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Dennis A. Henigan

Dennis A. Henigan

Posted: September 15, 2009 11:31 AM

Obama and the Gun Lobby: A Policy of Appeasement?

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"Appeasement." What word better describes the current attitude of the Obama administration, and many in the Democratic Party, toward the gun lobby?

The word recently was invoked by syndicated columnist Marie Cocco referring to the approach of the White House to the gun issue. "Obama and the Democrats haven't stared down the gun lobby," she wrote. "They've enabled it."

Is it a stretch to envision President Obama as the Neville Chamberlain of the gun issue? Consider the record so far. The President broke his campaign pledge to seek repeal of a set of Bush-supported appropriations riders (the "Tiahrt Amendments") that have weakened the Brady Act and other federal gun laws. Despite his personal commitment to voting rights for District of Columbia residents, Obama was silent as the NRA held the voting rights bill hostage to its vision of the District with virtually no gun laws. With not a syllable uttered in protest, the President signed credit card reform legislation laden with Senator Coburn's ridiculous amendment to allow loaded guns in national parks. When Attorney General Holder and Secretary of State Clinton suggested that strengthening U.S. gun laws may well help to reduce the arming of Mexican drug cartels with American guns, they were silenced. Then, in surely the most bizarre example, when protesters started showing up near the President's speeches with loaded guns, instead of condemning the practice, the White House responded that it had no problem with it as long as local laws were not being violated.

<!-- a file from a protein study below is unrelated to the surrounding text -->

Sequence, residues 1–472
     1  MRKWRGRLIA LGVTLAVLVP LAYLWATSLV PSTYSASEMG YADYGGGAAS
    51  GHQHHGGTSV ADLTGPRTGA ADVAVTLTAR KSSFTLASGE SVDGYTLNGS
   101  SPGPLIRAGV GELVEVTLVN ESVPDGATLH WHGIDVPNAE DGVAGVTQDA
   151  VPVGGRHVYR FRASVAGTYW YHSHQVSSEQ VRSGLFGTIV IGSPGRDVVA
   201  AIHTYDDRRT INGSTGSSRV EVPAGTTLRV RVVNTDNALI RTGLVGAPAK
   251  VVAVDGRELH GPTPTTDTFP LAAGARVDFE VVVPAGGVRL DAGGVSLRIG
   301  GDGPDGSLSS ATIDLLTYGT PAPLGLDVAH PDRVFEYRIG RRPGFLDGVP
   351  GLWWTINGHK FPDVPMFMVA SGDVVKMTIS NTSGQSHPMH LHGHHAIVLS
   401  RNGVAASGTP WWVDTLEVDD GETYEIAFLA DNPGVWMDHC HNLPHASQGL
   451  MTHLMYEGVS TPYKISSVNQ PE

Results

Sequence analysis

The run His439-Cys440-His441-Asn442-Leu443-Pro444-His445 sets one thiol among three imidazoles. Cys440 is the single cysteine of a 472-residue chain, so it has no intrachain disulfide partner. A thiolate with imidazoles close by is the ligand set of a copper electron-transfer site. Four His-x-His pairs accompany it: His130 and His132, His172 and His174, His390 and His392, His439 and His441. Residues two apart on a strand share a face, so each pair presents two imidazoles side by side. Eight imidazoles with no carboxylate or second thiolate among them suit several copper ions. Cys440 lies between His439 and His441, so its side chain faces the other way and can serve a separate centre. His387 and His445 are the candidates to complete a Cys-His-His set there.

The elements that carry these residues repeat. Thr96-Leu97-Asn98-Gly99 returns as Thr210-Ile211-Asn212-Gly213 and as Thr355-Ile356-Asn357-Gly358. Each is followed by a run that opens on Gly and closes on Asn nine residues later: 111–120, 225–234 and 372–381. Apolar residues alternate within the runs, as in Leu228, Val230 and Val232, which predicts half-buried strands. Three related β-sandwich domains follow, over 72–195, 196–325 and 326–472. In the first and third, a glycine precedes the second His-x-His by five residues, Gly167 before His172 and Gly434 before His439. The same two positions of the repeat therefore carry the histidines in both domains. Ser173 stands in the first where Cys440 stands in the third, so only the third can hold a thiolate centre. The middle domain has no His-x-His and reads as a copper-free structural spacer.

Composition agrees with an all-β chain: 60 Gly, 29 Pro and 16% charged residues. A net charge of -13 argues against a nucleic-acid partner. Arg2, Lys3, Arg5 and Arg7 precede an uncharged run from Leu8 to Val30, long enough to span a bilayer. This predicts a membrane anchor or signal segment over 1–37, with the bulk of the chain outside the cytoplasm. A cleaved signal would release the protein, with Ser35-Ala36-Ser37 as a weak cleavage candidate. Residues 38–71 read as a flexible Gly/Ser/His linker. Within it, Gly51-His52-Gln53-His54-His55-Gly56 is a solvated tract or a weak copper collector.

The guiding principle of the Obama gun policy seems to be: whatever happens, don't rile up the gun guys.

Of course, it is worth noting that the gun guys are determined to get riled up, no matter how weak the administration is on guns. The NRA's "Obama is coming to get your guns" message has continued unabated, inspiring record breaking gun sales despite the administration's "do nothing, say nothing" approach.

The real problem, of course, is that there is no end to the gun lobby's demands. The more you feed the beast, the more it will want. Yesterday, it was eviscerating D.C.'s gun laws and allowing guns in Yosemite; tomorrow it will be limiting ATF's power to crack down on corrupt gun dealers. The forces of reason in the Senate narrowly blocked the NRA's attempt to weaken state restrictions on carrying of concealed weapons, but this wretched proposal will no doubt be back in some form.

The question is: When will the Obama administration and Congressional Democratic leaders make a stand? They have just witnessed the NRA doing everything in its power to defeat the President's first Supreme Court nominee. They have heard the NRA's silence as gun-wielding protesters use the tactics of intimidation to oppose Obama's health care reforms. What does the "gun rights" crowd have to do before the President says, "enough is enough"?

Like the rest of the political right, the NRA is determined to see Obama fail. As Marie Cocco argued, it is absurd for Obama and the Democratic leadership to believe that "if they just try to get along with the gun lobby, the gun lobby will get along with them." The gun lobby cannot be stopped by giving it the ground it seeks today, because it will seek even more tomorrow.

On the gun issue, isn't it time for Obama and the Democrats to replace appeasement with resistance?

For more information, see Dennis Henigan's new book, Lethal Logic: Exploding the Myths that Paralyze American Gun Policy.